Spitfire Mk VIII
Supermarine Spitfire Mk VIII LV729 ZX-M
No 145 Squadron, Sqn Ldr G.R.S. McKay, Bellaria, Italy, 1944.
The Spitfire Mk VIII is often overlooked in favour of its more numerous
sibling the Spitfire Mk IX,
but it was in fact a very significant aircraft. During World War II technology
was advancing rapidly on both sides and reports were coming back from pilots
of a new Luftwaffe radial engined fighter - the Fw190.
Development of the Supermarine Spitfire had been continuous and it was decided
to produce an unpressurised version of the Spitfire
Mk VII to meet this new threat. The Spitfire Mk VIII retained many aspects
of the Mk VII; the enlarged rudder, retractable tailwheel, and two stage
supercharged Merlin engine. With the more conventional elliptical wing fitted
with short span elevators the Spitfire Mk VIII could take on the Fw190.
Improvement to the Mk VIII was continous, modifications and lessons learnt
were carried on to the production of the highly successful Spitfire Mk IX.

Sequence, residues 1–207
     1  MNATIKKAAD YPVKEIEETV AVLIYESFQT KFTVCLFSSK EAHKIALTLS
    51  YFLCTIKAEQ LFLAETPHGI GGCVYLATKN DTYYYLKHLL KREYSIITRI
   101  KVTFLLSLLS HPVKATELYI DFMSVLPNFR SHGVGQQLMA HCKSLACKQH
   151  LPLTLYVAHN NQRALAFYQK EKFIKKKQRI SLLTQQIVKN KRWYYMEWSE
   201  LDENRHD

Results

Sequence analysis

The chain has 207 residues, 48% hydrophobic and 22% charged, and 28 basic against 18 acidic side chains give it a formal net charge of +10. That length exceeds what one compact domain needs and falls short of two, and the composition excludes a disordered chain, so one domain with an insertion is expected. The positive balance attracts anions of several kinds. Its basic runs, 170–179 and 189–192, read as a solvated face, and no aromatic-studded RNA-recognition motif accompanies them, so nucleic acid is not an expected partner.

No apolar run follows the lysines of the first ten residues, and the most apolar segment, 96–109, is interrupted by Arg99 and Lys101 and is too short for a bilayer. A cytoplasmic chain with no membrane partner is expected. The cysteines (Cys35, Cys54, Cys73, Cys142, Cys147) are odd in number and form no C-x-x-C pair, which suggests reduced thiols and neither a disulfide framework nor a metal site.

1,658 Spitfire Mk VIIIs were produced and served with thirty squadrons,
mainly in the Middle and Far East theatres.
LV729 was issued to 145 Squadron and coded ZX-M. Based in Bellaria,
Italy 145 Squadron had fought in North Africa before moving on to Malta
and Sicily following the allied assault on Italy. Flown by Sqn Ldr G.R.S.
McKay ZX-M was mainly used in a ground attack role and was eventually
replaced by MT928 (another Spitfire Mk VIII) also coded ZX-M. LV729
remained with the squadron but failed to return on the 8th of April
Scale 1:72 Wingspan 6.25" (156 mm)
Base size 6.37" (162 mm) square (No. 4)
Weight not including base 6.75 ozs (190 grams) Limited edition of 100 only